Israeli soldiers fired at Syrian and Palestinian protesters who approached the Israeli-controlled Golan Heights border Sunday, killing 25 people and injuring more than 350, CNN reports. The number of victims remains unconfirmed, and so too does an actual account of the events that led to the violence.
First, not unexpectedly, Israeli and Palestinian accounts of the escalation vary dramatically. Mustafa Barghouthi, an independent Palestinian politician, described the Palestinian perspective to Al Jazeera:
"What we saw in the Golan Heights, in front of the checkpoint to Jerusalem, were peaceful Palestinian demonstrators demanding their freedom and the end of occupation... And they were encountered by terrible violence from Israel. They have used gunshots, tear gas, sound bombs, and canisters emanating dangerous chemicals against demonstrators. They also beat us. I was one of those who was beaten today by the Israel soldiers today while we were peacefully trying to reach the checkpoint to Jerusalem."
But the Israeli army's spokesman, Avital Leibovich, had a different account:
"We [the military] saw near 12 noon an angry mob of a few hundreds of Syrians trying to reach the border fence between Israel and Syria. We did three steps. We first warned them verbally, we told them not to get close to the fence in order for them not to endanger their lives. When this failed, we fired warning shots into the air. When this failed, we had to open fire selectively at their feet in order to prevent an escalation."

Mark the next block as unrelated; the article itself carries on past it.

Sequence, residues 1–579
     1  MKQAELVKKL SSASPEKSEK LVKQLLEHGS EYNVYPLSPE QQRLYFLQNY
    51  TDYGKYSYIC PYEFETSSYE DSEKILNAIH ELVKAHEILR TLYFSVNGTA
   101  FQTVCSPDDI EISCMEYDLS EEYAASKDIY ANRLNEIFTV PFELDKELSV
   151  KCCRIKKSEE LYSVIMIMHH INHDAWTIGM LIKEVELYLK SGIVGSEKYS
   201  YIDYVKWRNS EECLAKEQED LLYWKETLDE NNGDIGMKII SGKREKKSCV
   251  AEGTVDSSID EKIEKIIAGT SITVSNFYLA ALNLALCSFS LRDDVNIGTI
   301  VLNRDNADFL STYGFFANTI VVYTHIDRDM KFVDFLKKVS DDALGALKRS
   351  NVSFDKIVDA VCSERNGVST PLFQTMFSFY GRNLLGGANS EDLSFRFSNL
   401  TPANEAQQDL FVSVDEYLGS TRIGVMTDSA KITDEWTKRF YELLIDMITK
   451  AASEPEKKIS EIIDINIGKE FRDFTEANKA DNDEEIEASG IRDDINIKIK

A second confusion is the source of the protests. Palestinian protesters had purportedly gathered to mark "Naksa Day," the 44th anniversary of the 1967 war. But the Israeli military accused the Syrian government of instigating the protest to deflect attention from its own crackdown in Syria, according to the Wall Street Journal. More than 1,100 civilians have been killed in Syria since protests erupted in mid-March, Syrian rights groups report to the AFP. In the past 24 hours alone, 38 people were reported dead. "This is an attempt to divert international attention from the bloodbath going on in Syria,'' Leibovich said. "There is no question about it. The policemen, the armed Syrian forces are looking back and not doing anything."
The U.S. state department appears to side with Israel. Israeli Prime Minister Benjamin Netanyahu said regarding the protests that, “We will not allow them” to break through the borders, the New York Times reports. He added, “I have instructed the security forces to act with determination, with maximum restraint, but with determination to maintain our sovereignty, our borders, our communities, and our citizens.” According to Al-Jazeera, while the U.S. State Department expressed concern over the violence, it emphasized that "Israel, like any sovereign nation, has a right to defend itself."